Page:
All of this happened within about 24 hours of the Mythic version of the raid going live. Then the guilds slammed face-first into Jaina. Jaina’s multiphase fight challenges players with ice spells that stop them dead in their tracks unless they’re near a certain amount of other players when those attacks hit. Jaina also casts other ice-based debuffs that can trip players up and leave them susceptible to additional damage from subsequent attacks.

Interestingly, to partially counteract this, Method ended up switching their characters’ races—which costs $25 per character—to trolls in order to get a racial ability that reduces the duration of movement-impairing effects by 20 percent.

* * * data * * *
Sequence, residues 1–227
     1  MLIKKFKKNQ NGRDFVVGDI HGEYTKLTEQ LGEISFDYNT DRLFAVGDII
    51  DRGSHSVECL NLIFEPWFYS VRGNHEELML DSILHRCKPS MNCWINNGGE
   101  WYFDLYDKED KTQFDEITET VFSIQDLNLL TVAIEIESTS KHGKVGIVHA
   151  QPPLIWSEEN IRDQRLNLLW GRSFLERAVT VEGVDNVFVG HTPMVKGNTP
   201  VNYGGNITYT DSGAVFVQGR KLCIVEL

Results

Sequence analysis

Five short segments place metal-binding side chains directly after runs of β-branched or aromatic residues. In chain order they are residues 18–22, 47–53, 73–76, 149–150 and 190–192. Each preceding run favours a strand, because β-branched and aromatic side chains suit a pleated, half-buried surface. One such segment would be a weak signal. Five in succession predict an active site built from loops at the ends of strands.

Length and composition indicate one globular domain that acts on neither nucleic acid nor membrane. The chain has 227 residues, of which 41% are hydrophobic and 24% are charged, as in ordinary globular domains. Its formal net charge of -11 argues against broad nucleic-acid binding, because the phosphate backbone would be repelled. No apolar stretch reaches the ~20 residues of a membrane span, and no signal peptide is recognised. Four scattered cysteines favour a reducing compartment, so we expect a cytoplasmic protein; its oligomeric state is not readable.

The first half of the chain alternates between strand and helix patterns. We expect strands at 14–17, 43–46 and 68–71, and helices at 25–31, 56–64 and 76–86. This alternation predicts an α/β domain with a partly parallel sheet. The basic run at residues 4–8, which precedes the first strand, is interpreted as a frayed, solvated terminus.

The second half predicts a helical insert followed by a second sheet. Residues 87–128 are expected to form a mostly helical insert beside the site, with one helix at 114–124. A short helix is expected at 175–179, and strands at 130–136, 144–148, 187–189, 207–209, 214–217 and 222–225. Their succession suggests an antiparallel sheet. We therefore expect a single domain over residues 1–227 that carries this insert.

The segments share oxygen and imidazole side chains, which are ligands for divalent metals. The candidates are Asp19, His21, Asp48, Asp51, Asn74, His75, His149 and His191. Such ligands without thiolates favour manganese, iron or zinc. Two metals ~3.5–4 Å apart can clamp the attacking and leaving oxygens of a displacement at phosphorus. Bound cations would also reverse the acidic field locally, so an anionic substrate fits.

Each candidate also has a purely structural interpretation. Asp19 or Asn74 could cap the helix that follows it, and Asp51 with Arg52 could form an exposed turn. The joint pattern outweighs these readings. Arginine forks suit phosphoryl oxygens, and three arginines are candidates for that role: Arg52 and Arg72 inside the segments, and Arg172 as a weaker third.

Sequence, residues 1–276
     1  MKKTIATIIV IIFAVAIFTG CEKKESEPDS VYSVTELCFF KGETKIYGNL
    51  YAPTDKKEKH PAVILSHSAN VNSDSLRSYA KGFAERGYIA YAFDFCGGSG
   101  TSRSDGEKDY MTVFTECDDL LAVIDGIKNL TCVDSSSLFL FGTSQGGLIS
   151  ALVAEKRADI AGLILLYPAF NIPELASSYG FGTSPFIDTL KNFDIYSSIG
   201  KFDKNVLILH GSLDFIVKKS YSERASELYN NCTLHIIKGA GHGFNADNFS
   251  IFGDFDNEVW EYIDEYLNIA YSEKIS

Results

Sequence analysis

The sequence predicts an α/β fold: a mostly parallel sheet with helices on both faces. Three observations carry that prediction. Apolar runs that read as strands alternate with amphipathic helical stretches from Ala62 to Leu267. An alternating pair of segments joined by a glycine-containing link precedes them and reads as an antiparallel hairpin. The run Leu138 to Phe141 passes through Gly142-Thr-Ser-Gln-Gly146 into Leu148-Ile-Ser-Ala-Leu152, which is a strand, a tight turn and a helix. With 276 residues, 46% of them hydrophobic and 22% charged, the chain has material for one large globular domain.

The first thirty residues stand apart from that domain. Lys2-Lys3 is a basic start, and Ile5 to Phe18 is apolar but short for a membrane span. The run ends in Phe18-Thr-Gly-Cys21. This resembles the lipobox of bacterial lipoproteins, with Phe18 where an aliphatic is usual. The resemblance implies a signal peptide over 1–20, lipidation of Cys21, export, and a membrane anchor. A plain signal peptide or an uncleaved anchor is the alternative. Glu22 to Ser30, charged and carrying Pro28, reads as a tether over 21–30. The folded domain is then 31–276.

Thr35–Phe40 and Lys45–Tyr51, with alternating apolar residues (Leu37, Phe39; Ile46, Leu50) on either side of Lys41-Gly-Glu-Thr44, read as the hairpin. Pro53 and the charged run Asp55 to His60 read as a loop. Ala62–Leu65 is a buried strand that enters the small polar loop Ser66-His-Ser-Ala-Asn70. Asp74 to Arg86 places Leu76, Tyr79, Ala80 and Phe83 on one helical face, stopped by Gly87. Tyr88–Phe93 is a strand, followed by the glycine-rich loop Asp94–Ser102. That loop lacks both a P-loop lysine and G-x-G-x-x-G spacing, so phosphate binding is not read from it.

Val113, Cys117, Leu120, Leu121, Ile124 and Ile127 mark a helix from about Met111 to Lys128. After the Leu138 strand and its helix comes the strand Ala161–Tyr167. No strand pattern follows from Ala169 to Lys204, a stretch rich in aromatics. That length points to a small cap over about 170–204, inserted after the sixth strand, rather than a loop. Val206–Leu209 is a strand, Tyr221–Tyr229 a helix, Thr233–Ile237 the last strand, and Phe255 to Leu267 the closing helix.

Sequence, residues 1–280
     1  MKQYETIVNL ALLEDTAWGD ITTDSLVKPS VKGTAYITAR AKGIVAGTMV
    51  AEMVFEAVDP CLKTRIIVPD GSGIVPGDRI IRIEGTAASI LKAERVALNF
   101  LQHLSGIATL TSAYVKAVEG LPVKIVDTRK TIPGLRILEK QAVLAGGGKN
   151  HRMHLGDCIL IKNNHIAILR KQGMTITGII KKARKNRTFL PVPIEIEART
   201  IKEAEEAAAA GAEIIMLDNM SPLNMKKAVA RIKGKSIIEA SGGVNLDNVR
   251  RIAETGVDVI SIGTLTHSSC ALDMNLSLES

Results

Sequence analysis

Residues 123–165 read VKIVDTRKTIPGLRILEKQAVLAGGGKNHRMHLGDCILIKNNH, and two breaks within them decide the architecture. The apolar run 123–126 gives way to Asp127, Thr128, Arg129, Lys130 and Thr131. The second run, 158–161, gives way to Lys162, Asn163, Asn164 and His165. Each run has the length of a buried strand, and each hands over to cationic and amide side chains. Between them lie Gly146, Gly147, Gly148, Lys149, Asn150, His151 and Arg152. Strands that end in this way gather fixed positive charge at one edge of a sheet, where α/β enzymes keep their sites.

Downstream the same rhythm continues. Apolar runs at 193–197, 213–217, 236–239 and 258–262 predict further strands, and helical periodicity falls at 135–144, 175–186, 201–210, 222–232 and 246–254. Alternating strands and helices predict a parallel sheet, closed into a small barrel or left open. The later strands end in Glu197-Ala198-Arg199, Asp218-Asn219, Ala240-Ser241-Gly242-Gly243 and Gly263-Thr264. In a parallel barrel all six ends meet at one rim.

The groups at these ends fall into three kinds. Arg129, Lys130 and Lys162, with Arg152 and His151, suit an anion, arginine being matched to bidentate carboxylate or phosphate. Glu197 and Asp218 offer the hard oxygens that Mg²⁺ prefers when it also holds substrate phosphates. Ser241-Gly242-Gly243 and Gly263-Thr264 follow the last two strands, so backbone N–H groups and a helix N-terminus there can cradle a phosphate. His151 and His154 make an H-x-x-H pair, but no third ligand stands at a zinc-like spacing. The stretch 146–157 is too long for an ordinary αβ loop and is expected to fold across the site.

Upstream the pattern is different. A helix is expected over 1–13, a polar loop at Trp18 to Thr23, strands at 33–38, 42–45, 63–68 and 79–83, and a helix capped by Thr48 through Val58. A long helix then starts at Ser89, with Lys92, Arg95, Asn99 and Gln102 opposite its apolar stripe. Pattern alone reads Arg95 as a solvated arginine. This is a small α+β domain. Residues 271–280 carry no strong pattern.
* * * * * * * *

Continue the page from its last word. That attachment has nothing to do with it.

Here’s the moment Method finally won on February 5:

Even so, Method spent months preparing for the raid and is now, according to database site Wowhead, 40 to 100 million gold in debt, having cleared out three auction houses for crafting materials. That didn’t stop them from downing Jaina a second time yesterday, three hours before Limit managed to become the second guild to defeat her.

You might be wondering why these top guilds—especially Limit, who spent money to switch over to the Alliance faction in order to exploit factional imbalances in preparation for this raid—are fighting Jaina Proudmoore, longtime Alliance hero of all things good and frosty. After all, she spent most of her early years, starting with Warcraft III, trying to compromise with the Horde and then-Warchief Thrall, figuring they had bigger problems on their hands (and/or claws, hooves, etc.) in the form of the demonic Legion battering down their entire dimension’s front door.